(Or for most of you, maybe it already has.)

I went to my first post-pandemic, IRL photo festival in mid-December, as the Delta wave receded, and just before Omicron hit.

New Orleans draws certain people in, like a dumpling restaurant in the back corner of a forgotten strip-mall.

More invested, knowledgeable people than I have tried to write about New Orleans, and understand it.

I make no pretense.

I’ve been there five times in my life, always in December, and had a shit ton of fun on each occasion.

I feel comfortable in the town.

As different as it is from where I live, here in the high desert, at the base of the Rocky Mountains, there is somehow a connection between the places.

Honestly, it has to be the Spanish and French roots.

 

 

It shows wherever you look.

The 18th and 19th Century architecture is insanely gorgeous, and evokes a historical glamour I haven’t seen elsewhere in America.

 

 

(Though admittedly I haven’t been to Charleston.)

 

 

 

 

 

There’s music on the streets, on the regular, and it transforms any ordinary moment into something truly special.

Like the time I sat on some concrete steps, down at the Mississippi River, and listened to a talented busker behind me belt out “Ring of Fire.”

 

 

It was a moment.

(And yes, I gave him money.)

 

 

 

New Orleans is a city that enchants, and really, do you ever remember me saying anything like that before?

As usual, I stuck to the French Quarter and the CBD, getting bussed around the city a few times, never knowing where I was, because it was evening, the city is a maze, and I’d let loose and drank more than a few.

(So much fun, those few days.)

Let’s cut to the chase.

That’s the moral of the story, today.

Please, loosen up when you can, and have a jolly good time.

Live a little.

We’ve all gone through, or more likely are still going through, a seismic global catastrophe, with the Covid-19 pandemic.

Which is now two and a quarter years old.

No one can stand constant tension, as the great man said at this column’s outset.

We all need to break it, sometimes.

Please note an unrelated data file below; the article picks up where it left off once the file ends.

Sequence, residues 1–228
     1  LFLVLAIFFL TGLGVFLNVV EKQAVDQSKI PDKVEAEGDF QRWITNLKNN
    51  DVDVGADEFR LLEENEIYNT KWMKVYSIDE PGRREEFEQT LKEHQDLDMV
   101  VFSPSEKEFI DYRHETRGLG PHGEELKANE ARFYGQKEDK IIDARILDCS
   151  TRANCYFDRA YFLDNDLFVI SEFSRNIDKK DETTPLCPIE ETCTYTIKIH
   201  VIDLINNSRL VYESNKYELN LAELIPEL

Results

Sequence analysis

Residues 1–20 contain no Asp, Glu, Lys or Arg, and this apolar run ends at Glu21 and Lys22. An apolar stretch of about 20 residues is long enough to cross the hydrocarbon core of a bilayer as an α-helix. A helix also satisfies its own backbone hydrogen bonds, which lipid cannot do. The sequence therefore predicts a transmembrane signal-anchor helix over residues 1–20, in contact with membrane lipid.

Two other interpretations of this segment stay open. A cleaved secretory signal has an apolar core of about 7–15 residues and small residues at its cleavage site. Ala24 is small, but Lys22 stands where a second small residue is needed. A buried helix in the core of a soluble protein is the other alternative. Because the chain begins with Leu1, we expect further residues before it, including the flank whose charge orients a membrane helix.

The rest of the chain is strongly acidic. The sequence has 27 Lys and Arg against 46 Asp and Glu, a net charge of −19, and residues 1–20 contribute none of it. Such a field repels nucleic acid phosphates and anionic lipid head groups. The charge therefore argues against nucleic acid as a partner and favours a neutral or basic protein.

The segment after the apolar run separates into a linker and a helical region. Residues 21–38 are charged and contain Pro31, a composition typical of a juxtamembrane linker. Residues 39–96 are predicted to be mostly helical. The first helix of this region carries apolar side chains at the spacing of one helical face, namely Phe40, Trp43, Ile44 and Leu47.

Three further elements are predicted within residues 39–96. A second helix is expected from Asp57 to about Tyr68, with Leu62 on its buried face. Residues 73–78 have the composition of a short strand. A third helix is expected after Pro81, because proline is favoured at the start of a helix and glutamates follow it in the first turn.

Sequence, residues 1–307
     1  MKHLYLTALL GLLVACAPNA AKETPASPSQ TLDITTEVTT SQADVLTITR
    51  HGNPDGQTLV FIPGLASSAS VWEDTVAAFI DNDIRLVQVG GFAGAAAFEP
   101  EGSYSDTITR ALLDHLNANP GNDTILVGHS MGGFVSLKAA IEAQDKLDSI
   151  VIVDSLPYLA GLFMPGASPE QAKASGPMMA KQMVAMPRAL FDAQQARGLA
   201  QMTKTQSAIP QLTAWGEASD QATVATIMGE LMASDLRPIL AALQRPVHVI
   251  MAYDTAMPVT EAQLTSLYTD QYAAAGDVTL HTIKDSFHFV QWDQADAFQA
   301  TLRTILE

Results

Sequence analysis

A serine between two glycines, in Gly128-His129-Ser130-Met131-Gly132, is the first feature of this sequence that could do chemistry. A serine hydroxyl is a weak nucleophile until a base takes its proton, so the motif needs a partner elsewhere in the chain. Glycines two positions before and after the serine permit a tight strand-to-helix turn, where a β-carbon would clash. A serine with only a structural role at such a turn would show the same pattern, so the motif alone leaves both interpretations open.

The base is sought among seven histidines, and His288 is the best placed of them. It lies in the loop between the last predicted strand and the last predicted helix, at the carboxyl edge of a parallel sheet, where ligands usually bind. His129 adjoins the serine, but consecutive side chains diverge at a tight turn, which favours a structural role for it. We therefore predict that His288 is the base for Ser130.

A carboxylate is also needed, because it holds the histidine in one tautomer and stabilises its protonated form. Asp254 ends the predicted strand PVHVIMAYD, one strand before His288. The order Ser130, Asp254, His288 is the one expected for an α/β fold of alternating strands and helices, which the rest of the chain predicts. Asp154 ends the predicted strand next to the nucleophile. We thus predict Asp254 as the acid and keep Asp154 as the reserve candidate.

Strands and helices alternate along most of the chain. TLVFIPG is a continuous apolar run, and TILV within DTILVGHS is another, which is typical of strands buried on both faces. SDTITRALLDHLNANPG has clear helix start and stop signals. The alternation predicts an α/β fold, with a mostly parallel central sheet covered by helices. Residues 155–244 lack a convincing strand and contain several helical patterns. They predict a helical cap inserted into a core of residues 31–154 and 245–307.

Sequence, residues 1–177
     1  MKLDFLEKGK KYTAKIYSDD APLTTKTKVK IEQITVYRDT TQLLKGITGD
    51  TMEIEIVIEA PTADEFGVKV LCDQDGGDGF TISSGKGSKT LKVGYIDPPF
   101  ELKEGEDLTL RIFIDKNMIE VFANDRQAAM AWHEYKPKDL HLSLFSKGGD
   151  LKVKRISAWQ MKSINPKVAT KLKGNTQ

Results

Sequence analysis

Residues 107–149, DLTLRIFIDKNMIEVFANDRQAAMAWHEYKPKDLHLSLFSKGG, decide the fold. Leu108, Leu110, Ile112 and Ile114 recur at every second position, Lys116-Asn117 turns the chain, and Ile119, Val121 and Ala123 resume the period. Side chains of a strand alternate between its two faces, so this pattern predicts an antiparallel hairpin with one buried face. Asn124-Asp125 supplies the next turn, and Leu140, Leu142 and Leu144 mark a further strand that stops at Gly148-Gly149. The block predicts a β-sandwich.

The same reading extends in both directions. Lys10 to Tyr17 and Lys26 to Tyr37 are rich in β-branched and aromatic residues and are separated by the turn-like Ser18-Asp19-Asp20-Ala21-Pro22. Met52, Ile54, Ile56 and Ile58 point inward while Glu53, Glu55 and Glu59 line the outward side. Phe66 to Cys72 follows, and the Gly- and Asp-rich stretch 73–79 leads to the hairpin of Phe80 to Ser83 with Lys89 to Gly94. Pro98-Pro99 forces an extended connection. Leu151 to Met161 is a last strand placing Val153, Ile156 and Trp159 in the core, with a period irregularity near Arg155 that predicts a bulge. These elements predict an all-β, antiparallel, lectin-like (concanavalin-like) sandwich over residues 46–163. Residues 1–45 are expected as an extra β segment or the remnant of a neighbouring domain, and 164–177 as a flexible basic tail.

Having fun is a great way to do it.

And I speak from experience.

New Mexico weed stores opened on the first of the month, and April is normally my least favorite month, for a variety of valid reasons.

This year, though?

April’s been pretty, pretty, pretty good.

 

 

 

 

As to the real purpose of my trip to New Orleans?

Beyond eating, drinking, walking, listening, talking, and having a great time, (for the travel article I wrote in December,) my main goal was to look at photographic projects.

I went to PhotoNOLA to review portfolios, offer feedback, and then write about my favorites, here, for you.

Last week, we offered Part 1, and it was a pretty excellent mix of work, if I do say so.

This time out, as before, the artists are in no particular order.

And thanks to all of them for allowing us to share their wonderful work with you!

 

 

 

 

 

To begin with, Laurie Peek had a sad story.

Let’s get that out of the way. (Call it your trigger warning.)

She lost her son, Jackson, during the pandemic, when he tragically drowned.

Like many others, he had no funeral.

So she began making new work, “In Lieu of Flowers,” in mourning, and the pictures are quite beautiful.

Or so I imagine, as I met Laurie while Zooming from a comfortable chair in the IHH event building, during the online portion of the review.

Each image, she told me, represented one person who couldn’t have a funeral, due to the pandemic.

Like I said, super-sad.

But processing that grief through art is a powerful way to go.

(Just ask Marvin Heiferman.)

 




 

 

I met Vikesh Kapoor at a festival in Los Angeles a few years ago, (shout out to Exposure,) and have happily followed his career’s ascent.